Gaaaarrrrrr.... Yet another standards related problem to keep me scatching my head for hours. I developed and now run the website Rural Escapes. This is great, I really enjoy doing it even though at the moment it's not earning me much but it also means I get the job of debugging and fixing it when things go wrong. Todays little problem is foreign characters not displaying correctly.

While developing the site I went to great lengths to make sure that I was able to correctly display all the characters that are used in Europe as Rural Escapes is a Europe wide service. To this end I made sure that all pages sent back stated UTF-8 as their character encoding. Everything seemed to be working. All the foreign characters I entered seemed to be displayed correctly so I was happy. What I forgot to check though was what happens when non-ASCII characters are sent up as form data. Well it turns out that Tomcat (and probably every other container and web server) interprets them using whatever default encoding it is set to use. In the case of Tomcat this seems to be ISO-8859-1 which means that it mangles characters such as £. The reason for this monumental screw up - you guessed it IE.


There is a header called Content-Type which is sent up with POST data which should have the format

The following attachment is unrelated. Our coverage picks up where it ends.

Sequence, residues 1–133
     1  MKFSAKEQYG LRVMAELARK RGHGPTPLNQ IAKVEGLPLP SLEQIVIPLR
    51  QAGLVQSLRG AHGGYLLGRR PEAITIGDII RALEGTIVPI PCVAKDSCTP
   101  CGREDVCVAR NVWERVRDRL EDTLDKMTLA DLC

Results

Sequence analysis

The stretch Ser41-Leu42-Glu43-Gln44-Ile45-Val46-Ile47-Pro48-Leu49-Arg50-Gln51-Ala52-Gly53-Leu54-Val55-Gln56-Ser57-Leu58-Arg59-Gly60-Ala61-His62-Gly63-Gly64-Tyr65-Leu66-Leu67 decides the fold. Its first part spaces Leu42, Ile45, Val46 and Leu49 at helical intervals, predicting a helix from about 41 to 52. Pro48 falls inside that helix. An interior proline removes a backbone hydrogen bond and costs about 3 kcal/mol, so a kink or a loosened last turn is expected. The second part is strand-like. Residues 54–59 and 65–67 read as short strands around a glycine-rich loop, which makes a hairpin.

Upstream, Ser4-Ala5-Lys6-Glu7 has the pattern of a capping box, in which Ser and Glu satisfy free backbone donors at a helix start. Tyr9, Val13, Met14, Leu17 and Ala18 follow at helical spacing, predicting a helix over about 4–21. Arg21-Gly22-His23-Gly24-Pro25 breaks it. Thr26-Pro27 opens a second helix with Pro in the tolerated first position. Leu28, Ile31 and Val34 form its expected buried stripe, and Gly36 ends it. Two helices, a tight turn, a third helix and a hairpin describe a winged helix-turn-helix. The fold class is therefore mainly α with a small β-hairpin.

Content-type: application/x-www-form-urlencoded; charset=UTF-8

however back at the dawn of time Microsoft, when developing IE, left off the "; charset-UTF-8" parameter. At the time this wasn't so bad because basically everywhere used ISO-8859-1 so you could be pretty sure everything would be interpreted correctly. Now though a multitude of different character sets are used and you can't rely on the data being sent using one particular encoding which leads to problems.

There is partial solution to this problem but it's not pretty. Mozilla and IE (at least) can now include an extra parameter in a post request called "_charset_" (as described in this Mozilla bug report) which can be used to determine the character set of the posted data. There are some potential problems with parameter name clashes but they are probably quite minimal. To include this extra parameter you simply add the attribute "accept-charset" to your form element, cross your fingers, and place a hidden form field called "_charset_" in the form. The browser will then fill in that field when it sends up the data. It is described in this w3c document. A word of warning though; although this works the Java Servlet API doesn't recognize this as a valid way of specifying the form data character set and therefore a call to request.getCharacterEncoding() still returns null.

You might be wondering why Microsoft and Mozilla don't just correctly implement the specification. It's quite simple really: Microsoft have been doing it wrong for so long that numerous websites now rely on the incorrectly specified header and handle the correct header very badly. The Mozilla team tried to include the correct header and ran into serious compatibility problems so removed it again.